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Use definition of limit

  1. Nov 8, 2004 #1
    Hi all, my task is to check, whether the given sequence has a limit and if yes, count it. We have to do it using the definition of limit.

    So I have eg. this sequence:

    (-1)^n \left( \frac{1}{10} - \frac{1}{n} \right)

    I know how the definition is, but I don't know how to use it for the purpose wanted. I just wrote

    \left| A - (-1)^n \left( \frac{1}{10} - \frac{1}{n} \right) \right| < \epsilon , \forall \epsilon > 0

    But how to prove that the sequence has or has not limit? Should I just try to prove existence of the limit, or, on the contrary, should I try to prove that the limit doesn't exist? What is the general recommended method, when we have to prove it from definition of limit?

    Thank you all for any answer.
  2. jcsd
  3. Nov 8, 2004 #2


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    There is no general solution for finding the limits of sequences. In fact, there are a goodly number of outstanding conjectures that the limit of a particular sequence is some value. In this particular case, it should be possible to show that the sequence does not tend to a limit.

    Hint: If the sequence [tex]\{s_n\}[/tex] has a limit converges, then the sequence[tex]\script{S}_n=s_n-s_{n+1}[/tex] will tend to zero.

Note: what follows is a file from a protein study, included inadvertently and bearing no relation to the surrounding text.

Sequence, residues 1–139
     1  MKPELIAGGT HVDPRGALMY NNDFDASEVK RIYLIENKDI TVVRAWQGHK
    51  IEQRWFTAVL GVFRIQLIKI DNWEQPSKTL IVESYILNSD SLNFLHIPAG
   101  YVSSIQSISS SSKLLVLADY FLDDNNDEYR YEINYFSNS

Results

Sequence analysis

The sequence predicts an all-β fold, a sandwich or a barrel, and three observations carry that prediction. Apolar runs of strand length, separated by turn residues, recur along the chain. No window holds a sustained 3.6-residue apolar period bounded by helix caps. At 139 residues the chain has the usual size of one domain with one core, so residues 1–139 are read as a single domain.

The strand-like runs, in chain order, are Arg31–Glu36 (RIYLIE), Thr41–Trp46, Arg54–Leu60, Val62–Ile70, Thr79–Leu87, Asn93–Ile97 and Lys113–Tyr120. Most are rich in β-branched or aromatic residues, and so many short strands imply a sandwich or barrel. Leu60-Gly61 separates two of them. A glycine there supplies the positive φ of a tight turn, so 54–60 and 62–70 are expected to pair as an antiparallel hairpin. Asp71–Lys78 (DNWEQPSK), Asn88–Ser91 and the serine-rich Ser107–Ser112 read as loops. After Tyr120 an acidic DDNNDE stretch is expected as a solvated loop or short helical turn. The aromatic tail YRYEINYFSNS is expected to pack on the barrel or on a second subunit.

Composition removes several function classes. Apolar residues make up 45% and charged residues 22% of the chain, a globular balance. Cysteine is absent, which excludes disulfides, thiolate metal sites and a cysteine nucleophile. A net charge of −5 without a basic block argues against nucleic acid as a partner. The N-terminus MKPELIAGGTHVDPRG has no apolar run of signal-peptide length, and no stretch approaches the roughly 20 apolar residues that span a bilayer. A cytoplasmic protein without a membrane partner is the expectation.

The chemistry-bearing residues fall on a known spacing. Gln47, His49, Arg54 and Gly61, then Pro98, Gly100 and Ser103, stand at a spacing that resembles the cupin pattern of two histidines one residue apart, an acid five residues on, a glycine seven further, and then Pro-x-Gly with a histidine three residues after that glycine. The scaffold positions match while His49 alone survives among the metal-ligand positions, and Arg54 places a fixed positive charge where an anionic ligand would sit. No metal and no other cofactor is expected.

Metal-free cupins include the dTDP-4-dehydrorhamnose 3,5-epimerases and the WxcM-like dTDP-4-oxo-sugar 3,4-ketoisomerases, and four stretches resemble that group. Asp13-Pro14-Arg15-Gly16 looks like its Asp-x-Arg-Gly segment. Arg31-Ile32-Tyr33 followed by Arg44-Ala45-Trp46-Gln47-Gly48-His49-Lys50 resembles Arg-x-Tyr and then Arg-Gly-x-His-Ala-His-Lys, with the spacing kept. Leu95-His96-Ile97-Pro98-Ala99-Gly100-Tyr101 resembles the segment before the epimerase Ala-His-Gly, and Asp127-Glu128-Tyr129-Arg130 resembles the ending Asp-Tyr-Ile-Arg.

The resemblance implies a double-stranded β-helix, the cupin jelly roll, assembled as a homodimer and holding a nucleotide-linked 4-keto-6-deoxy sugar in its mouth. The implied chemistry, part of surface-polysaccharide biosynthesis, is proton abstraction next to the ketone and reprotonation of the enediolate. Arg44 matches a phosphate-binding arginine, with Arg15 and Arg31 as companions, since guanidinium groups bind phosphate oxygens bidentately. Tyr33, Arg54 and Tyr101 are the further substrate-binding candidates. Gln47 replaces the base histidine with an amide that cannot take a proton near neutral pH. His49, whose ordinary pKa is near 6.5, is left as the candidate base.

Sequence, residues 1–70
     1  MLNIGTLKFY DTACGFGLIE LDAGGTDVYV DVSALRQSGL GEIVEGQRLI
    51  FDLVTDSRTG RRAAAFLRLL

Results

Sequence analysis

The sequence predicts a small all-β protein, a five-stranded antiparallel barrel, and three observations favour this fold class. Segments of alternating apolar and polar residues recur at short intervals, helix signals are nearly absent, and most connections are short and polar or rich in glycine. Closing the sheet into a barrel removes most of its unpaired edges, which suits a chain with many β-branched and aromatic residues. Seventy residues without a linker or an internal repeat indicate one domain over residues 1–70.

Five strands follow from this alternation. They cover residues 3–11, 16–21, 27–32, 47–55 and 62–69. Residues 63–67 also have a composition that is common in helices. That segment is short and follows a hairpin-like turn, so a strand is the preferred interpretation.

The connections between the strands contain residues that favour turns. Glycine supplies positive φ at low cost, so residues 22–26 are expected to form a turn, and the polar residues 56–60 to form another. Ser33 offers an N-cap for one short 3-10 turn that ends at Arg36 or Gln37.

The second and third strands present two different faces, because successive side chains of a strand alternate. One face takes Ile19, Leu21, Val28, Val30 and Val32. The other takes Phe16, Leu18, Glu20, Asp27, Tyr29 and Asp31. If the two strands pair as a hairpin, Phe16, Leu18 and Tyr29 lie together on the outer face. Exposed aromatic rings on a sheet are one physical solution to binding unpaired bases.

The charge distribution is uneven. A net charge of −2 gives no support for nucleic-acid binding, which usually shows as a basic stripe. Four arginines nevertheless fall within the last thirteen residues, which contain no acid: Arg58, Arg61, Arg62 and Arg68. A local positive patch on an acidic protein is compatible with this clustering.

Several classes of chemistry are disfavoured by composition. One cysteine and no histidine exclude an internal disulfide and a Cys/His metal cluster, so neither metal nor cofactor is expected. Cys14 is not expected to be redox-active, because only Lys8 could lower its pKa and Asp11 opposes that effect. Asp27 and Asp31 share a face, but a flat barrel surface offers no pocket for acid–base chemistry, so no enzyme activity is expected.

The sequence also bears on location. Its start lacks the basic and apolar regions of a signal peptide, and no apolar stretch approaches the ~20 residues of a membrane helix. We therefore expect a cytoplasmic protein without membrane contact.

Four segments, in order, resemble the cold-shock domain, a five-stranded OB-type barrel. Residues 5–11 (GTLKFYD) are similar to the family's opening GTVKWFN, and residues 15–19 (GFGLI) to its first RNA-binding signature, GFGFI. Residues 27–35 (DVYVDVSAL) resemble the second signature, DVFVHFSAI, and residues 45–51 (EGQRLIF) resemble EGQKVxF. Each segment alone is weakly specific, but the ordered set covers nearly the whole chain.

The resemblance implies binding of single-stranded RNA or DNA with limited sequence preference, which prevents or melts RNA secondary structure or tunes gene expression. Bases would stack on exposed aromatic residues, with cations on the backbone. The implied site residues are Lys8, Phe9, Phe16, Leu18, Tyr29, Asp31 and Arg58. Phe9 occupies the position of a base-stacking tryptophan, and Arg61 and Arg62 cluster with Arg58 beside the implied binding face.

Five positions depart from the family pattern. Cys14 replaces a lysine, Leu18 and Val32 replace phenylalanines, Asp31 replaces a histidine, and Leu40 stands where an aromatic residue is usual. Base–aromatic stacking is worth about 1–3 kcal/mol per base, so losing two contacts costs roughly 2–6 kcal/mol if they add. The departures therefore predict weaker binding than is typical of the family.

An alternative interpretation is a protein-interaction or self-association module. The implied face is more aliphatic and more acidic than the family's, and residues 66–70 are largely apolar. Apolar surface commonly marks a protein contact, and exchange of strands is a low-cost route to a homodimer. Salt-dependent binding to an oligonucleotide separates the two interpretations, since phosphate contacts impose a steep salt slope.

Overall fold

Last edited: Nov 8, 2004
  4. Nov 8, 2004 #3
    Well, so I always have to decide, whether I will try to prove the existence of the limit, or the opposite?

    Is it a general theorem? If not, when can I use it? I'm asking because I think we didn't have this theorem so far...
  5. Nov 8, 2004 #4


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    If you replace 'has a limit' with 'converges' (which is what I should have written it initially), then it's generally true.

    Consider that if [tex]|s_n-A| < \epsilon[/tex] then [tex]s_n \in (A-\epsilon,A+\epsilon)[/tex]. Now, if
    the sequence converges, then given any [tex]\epsilon > 0[/tex] it's possible to find [tex]N_\epsilon[/tex] so that [tex]n>N_\epsilon \Rightarrow |s_n - A| < \frac{\epsilon}{2}[/tex]
    [tex]n > N_\epsilon \Rightarrow s_n \in (A-\frac{\epsilon}{2},A+{\epsilon)}{2}[/tex]
    This means that the 'tail' of the sequence is contained in an interval with a length (diameter really) of [tex]\epsilon[/tex].
    So, cleary for
    [tex]n_1,n_2 > N_\epsilon [/tex] we have [tex]|s_{n_1}-s_{n_2}| < \epsilon[/tex]
    [tex]|s_{n_1}-s_{n_2}| = |s_{n_1}-s_{n_2}-0| < \epsilon[/tex]
    So the differences go to zero if the sequence coverges.

    The notion of the difference between elements in the tail of a squence going to zero if the sequence coverges is important in real analysis:
    Last edited: Nov 8, 2004
  6. Nov 9, 2004 #5

    matt grime

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    If a sequence converges, the limit is unique and every subsequence also converges to that limit.

    So, if you're sequence has two subsequences tending to distinct limits then it cannot itself converge.

    Can you see how that helps in your example above?
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